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May 21, 2008


John Watne

Hmmm...wonder what Mark Baurlein would make of this blog post revering all forms of the "distracting media" that you have come to embrace, Mr. Sax? Thing is, I'm even younger than you and even I sometimes tend to *gasp* embrace the feeling of paper in my hand; the idea of a permanent place to come to work rather than "anywhere." Am I out of it, or simply not with "the times" which apparently ought to be "my times." Not that all of this new technology is bad (I think Baurlein makes some good points and some horribly bad points), but perhaps it's not being utilized by all people the right way. I think you and Jeff are using the internet brilliantly with the website, but at the same time it might be because of your experience working with the "old league" models of real estate and blending it with the "new style" of web integration. Alright, I'm getting awfully close to the point at which my bluster far exceeds my own experience, so I'll shut up now. Any thoughts?

G. Sax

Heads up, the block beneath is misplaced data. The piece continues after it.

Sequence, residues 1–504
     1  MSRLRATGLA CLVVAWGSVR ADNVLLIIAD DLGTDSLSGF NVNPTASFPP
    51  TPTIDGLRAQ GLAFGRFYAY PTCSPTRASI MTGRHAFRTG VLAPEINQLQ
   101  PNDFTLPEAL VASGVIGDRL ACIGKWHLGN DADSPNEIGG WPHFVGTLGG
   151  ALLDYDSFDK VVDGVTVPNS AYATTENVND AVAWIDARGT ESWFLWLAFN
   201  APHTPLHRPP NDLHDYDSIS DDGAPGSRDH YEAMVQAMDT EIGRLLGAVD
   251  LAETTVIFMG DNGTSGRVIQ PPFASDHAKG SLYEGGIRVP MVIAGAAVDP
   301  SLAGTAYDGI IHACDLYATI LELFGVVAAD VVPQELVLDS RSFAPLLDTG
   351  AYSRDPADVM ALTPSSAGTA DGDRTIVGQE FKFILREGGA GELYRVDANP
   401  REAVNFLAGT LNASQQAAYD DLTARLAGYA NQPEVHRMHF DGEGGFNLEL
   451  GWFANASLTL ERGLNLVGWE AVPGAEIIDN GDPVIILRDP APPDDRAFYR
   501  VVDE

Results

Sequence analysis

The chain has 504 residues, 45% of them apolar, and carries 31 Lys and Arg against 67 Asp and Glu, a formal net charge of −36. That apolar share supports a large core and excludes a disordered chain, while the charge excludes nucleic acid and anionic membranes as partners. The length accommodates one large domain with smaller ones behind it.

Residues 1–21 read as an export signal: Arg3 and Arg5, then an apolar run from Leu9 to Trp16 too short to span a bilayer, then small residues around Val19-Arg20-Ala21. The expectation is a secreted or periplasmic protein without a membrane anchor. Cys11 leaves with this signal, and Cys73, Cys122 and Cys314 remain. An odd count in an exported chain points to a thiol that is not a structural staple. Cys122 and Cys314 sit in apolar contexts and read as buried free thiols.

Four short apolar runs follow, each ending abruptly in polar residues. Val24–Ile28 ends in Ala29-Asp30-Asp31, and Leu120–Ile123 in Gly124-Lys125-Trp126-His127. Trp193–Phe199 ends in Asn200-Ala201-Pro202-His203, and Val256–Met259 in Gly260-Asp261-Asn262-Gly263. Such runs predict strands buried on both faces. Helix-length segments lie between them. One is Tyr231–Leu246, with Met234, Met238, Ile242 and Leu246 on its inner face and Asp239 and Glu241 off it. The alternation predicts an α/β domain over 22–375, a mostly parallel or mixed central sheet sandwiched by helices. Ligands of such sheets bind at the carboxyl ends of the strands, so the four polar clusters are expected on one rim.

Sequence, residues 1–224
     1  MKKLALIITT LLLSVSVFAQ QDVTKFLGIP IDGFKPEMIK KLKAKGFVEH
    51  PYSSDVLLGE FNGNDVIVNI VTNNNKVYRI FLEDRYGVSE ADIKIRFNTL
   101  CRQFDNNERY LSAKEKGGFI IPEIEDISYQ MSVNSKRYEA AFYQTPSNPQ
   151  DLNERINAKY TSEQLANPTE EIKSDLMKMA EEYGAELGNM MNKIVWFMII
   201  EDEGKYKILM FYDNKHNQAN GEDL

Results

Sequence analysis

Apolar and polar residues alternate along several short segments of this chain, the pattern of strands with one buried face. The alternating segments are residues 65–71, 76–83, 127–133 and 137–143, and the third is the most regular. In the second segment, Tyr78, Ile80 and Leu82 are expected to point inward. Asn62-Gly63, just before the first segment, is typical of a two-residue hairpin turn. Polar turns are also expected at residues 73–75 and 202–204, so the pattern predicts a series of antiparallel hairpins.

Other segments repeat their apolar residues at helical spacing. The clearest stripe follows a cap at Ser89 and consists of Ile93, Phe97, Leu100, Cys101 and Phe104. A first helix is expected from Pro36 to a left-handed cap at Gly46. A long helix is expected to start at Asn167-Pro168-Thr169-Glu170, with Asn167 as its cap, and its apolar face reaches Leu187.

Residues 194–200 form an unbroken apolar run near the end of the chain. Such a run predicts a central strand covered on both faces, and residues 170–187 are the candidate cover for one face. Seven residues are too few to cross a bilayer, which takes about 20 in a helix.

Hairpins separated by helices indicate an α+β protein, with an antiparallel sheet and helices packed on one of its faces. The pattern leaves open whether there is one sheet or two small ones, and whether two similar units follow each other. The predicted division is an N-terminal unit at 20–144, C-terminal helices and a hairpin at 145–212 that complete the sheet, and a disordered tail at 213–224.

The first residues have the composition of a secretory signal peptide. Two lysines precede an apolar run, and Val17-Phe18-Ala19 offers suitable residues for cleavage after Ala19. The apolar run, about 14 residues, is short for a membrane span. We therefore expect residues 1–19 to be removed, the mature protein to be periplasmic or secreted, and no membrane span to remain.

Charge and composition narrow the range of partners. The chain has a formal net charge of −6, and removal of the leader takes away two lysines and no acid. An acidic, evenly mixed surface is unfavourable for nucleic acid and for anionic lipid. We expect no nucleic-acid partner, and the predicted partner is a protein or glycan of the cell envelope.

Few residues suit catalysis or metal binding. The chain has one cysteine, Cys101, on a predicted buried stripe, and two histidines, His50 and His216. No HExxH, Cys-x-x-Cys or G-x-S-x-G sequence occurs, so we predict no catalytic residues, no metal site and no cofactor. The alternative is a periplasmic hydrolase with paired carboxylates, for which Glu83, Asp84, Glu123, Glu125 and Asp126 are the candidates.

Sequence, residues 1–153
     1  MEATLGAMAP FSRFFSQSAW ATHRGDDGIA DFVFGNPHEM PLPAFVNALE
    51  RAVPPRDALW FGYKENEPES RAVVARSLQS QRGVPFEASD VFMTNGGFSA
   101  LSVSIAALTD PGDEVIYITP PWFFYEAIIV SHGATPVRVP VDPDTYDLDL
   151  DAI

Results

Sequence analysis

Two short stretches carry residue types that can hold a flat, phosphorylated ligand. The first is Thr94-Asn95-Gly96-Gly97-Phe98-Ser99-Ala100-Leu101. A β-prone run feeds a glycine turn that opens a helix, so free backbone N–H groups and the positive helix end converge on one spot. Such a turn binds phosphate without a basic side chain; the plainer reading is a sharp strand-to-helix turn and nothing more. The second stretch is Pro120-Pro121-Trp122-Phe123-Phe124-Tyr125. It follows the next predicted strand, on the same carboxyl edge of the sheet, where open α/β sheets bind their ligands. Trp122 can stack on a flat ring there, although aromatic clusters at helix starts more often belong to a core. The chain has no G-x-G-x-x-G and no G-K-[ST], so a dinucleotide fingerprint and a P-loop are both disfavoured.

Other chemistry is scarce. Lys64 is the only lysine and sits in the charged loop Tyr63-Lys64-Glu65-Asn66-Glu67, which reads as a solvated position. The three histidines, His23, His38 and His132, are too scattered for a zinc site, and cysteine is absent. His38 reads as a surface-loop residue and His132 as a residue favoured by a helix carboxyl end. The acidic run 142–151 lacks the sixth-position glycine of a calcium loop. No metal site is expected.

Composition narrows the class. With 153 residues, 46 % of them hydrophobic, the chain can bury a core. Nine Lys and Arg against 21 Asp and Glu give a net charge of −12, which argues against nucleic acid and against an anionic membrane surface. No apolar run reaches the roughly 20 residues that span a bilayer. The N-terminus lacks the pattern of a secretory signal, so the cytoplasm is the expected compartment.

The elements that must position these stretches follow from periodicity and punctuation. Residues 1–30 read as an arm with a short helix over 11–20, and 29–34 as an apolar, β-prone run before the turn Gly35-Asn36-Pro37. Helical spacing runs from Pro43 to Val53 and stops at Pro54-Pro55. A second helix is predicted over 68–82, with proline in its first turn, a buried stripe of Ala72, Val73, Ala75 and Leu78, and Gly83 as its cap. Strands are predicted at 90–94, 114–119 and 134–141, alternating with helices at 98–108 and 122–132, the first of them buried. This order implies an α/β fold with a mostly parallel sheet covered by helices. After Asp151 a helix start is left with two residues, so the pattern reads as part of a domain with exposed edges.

Mr. Watne raises a great point and he made me look up Mark Bauerlein, which is awesome, because blogs are supposed to encourage further discourse. It's interesting stuff, and I dig that he doesn't just blindly embrace that which is technologically new without proper debate. And I agree with him on some of the issues at hand. I'm about as skeptical of gee-whiz new technology as I am of academics. I've worked for at least two bosses that drooled over everything Mac without really explaining to me why I should embrace Mac as part of my day-to-day business, especially considering the expense. I'm still waiting for that explanation. Don't get me wrong, I think Mac is creative and future-thinking and on the right track most of the time, but Mac is not infallible. There is an annoying tendency for people to embrace everything new and to claim that this is how it is going to be without further testing. But some things seem so obviously beyond fad and more toward shifting societal norm. From little things like changing the TV channel with a knob or trying to find the third song on a cassette tape, to big things like air travel and the Internet. Unless you're John Madden, you will eventually be taken out of the dialogue of the future if you do not understand that these things are here to stay. The primary point of my bloggish ramble was not to lambast LD4 or to put printers out of business or to replace social gatherings with social networks. It was more to say that we could all stand to be more aware of our potential. We are all more powerful than we realize.

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